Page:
Harriet Beecher Stowe (1811-1896) was the sensitive and insightful daughter of a minister who preached vehemently about the evils of slavery during the time when the United States of America was embroiled in an angry debate over whether new slave states should be admitted to the Union. Harriet Beecher had the benefit of a good education and a successful marriage to Calvin Stowe, a professor at a theological seminary in Cincinnati, Ohio. While raising their seven children, Mrs. Stowe became a well-known writer and published 30 books, the most famous of which is Uncle Tom’s Cabin. This book, a classic piece of American literature, was an immediate best-seller and served to raise the consciousness of many Americans, particularly in the north, about the horrors of slavery. President Abraham Lincoln is said to have credited Harriet Beecher Stowe with starting the Civil War because of the public outcry her book generated.

Uncle Tom, a middle-aged husband and father, starts out as the property of Kentucky farmers, Arthur and Emily Shelby. Mr. and Mrs. Shelby express genuine affection for their slaves, however, when bad times come they decide to reduce their inventory. In addition to Tom, the Shelbys plan to sell Harry, the son of Mrs. Shelby’s maid, Eliza. Eliza will not be parted from her son, so she and Harry escape in the hope of reaching Canada where Eliza’s husband lives in freedom. Their journey is fraught with hardship and peril given the cold winter and the pursuit of a ruthless slave catcher.

Meanwhile Tom, accepting his fate with quiet dignity, is taken away from his family and home by a slave trader. While traveling down the river to the slave market, a golden-haired and blue-eyed child named Eva falls overboard. Tom dives in and saves her from drowning. Eva’s father, Augustine St. Clare, purchases Tom out of gratitude for his heroism and brings him home to New Orleans. Tom and Eva become very attached to one another, but the little girl falls ill and eventually dies. Harriet Beecher Stowe uses the St. Clare household as a forum for discussing attitudes toward slavery. Mr. St. Clare does not like the institution of slavery, but knows no other way to make a profit off his land. Eva’s Aunt Ophelia, on the other hand, is an abolitionist but feels disgust toward blacks. In the end, however, Eva through her charitable heart teaches her aunt to love the slaves as humans. Shattered by Eva’s death, Mr. St. Clare decides to give Tom his freedom, but is murdered before he is able to do this. Mrs. St. Clare shares none of her late husband’s humanity and sells Tom to a vicious plantation owner named Simon Legree.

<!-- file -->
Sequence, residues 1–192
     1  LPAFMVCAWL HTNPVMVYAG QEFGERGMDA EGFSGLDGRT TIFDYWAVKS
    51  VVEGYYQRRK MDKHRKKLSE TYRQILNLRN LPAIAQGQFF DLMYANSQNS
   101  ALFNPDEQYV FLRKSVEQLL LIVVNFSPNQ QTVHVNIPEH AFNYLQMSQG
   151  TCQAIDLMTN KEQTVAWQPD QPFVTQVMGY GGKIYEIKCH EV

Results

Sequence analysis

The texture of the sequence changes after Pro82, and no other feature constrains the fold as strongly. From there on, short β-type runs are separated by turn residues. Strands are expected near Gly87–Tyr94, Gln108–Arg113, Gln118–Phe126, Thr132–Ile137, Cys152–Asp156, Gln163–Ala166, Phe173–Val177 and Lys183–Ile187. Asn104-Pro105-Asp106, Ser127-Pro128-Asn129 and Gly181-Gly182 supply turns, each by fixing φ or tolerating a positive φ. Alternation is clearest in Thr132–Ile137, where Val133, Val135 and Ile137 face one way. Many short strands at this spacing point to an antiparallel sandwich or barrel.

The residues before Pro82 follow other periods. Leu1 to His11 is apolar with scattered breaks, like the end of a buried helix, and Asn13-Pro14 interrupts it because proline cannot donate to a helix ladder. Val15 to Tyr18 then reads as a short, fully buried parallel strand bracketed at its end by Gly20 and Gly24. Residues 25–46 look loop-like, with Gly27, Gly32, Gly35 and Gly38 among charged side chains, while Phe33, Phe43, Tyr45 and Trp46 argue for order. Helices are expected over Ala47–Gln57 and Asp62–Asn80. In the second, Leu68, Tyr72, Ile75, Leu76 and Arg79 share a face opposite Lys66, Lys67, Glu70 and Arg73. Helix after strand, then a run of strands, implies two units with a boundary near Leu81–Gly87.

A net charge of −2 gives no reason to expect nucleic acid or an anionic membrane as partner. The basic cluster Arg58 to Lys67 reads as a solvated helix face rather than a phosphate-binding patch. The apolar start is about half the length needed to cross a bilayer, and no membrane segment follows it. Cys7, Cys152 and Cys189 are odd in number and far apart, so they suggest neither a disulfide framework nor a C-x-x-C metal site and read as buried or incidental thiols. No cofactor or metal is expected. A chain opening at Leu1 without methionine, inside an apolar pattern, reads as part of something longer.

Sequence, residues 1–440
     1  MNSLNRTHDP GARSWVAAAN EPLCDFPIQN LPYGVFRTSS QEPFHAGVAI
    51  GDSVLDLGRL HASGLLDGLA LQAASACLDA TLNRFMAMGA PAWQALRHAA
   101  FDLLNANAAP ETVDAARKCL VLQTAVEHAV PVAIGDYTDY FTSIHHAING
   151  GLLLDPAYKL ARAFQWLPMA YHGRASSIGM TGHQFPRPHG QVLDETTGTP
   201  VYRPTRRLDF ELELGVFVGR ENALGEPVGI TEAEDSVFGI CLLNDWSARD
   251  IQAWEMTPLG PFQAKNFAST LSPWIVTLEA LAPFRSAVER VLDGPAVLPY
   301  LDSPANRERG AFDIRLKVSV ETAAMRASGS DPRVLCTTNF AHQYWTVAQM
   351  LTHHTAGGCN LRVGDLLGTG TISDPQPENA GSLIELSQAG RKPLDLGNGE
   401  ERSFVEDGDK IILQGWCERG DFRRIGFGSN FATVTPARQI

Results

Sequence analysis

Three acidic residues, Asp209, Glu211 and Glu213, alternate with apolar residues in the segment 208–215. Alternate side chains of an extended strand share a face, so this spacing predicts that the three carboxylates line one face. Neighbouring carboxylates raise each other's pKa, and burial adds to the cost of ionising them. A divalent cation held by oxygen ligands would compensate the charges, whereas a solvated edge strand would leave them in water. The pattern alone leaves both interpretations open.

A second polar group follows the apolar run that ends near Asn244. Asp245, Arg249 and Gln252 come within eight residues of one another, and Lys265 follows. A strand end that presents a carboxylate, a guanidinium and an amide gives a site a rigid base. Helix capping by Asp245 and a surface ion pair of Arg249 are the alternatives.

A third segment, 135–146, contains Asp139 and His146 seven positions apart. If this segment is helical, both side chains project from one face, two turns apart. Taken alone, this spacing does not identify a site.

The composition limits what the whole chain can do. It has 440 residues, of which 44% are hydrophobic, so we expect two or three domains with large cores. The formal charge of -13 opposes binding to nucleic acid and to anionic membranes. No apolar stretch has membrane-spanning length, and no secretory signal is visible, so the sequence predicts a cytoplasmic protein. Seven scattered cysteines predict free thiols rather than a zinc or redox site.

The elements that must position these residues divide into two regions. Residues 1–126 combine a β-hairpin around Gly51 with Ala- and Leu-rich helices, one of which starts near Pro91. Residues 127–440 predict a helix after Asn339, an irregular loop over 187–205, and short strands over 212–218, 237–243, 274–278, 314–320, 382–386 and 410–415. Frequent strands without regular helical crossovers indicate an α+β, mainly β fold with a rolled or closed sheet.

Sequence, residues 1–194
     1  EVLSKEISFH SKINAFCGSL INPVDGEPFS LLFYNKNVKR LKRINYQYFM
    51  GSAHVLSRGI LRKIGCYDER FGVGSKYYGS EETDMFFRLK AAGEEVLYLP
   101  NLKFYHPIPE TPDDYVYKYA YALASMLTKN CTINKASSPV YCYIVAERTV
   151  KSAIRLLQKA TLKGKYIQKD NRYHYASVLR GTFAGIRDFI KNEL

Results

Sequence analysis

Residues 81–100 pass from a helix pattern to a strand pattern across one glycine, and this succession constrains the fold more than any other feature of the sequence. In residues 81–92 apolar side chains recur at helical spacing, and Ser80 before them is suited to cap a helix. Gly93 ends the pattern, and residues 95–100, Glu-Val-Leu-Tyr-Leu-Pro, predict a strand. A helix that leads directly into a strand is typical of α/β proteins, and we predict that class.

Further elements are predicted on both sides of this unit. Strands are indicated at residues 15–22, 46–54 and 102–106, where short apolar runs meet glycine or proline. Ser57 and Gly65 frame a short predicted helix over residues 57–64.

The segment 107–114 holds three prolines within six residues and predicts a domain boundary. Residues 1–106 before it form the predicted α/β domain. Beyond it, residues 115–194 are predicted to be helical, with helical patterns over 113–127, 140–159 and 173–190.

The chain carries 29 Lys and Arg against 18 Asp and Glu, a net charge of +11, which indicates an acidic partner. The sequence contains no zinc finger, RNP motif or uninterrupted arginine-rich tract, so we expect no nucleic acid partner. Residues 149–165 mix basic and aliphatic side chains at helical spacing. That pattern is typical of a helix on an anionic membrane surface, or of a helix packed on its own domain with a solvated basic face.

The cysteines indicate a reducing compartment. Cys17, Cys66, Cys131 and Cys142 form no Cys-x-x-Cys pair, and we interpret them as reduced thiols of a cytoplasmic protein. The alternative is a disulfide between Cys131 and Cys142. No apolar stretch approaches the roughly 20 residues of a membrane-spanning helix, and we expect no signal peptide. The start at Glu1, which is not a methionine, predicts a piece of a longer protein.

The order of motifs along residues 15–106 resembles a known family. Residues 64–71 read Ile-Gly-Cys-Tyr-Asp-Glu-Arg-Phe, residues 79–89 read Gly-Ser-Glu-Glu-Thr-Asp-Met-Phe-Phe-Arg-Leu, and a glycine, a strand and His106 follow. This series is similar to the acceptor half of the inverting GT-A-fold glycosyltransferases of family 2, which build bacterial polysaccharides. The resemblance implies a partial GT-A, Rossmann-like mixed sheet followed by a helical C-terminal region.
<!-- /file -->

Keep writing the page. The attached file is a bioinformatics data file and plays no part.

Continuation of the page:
Simon Legree’s plantation is a hellish place where young black women are kept for sex and slaves are ordered to beat one another. Tom, being the gentle, loving, and spiritual person he is, cannot obey his master’s order to beat a fellow slave. Mr. Legree decides to beat the Christianity out of Tom but fails. Just the same, Tom suffers a crisis of faith wondering how a loving God can let such cruelty stand. Eva appears to him in a vision and restores his faith in Christianity. Thus restored, Tom facilitates the escape of two women from Mr. Legree’s sex slavery and is able to withstand the beatings aimed at making him reveal the whereabouts of the runaways. As death approaches, Tom forgives Mr. Legree and men who are beating him. The end of the story features a tragic and ironic twist which brought thousands of readers to tears.

Uncle Tom’s Cabin unfortunately fell into disfavor during the civil rights era of the 1960s. Many African Americans at the time felt it described African slaves as so downtrodden that they meekly accepted beatings and degradation by cruel masters. “Uncle Tom” became a pejorative label for a black man who didn’t join the fight against segregation. This is a sad mischaracterization because Uncle Tom’s Cabin was one of the most important works of the Abolitionist cause, and ultimately set the stage for the end of segregation.

Slavery has been a human practice since before recorded history. The ancient Babylonians under their Code of the Hammurabi (circa 1800 BC) legitimized slavery as a redress for serious crimes against others. In the 1700s, slave labor in North America enabled the British Colonies to develop vast cotton and tobacco plantations, yielding the economic leverage needed to win independence from England. As a new nation, the United States of America faced an immediate crisis when designing an unprecedented form of government: southern states depended on slave labor to produce their crops while many in the northern states felt that slavery was criminal and unacceptable. In order to establish a government, the framers of the Constitution wisely deferred decisions about slavery to a future time. Slavery for some was a way of life, for others a necessary evil, and for many in the original 13 colonies, an abhorrent and sinful practice.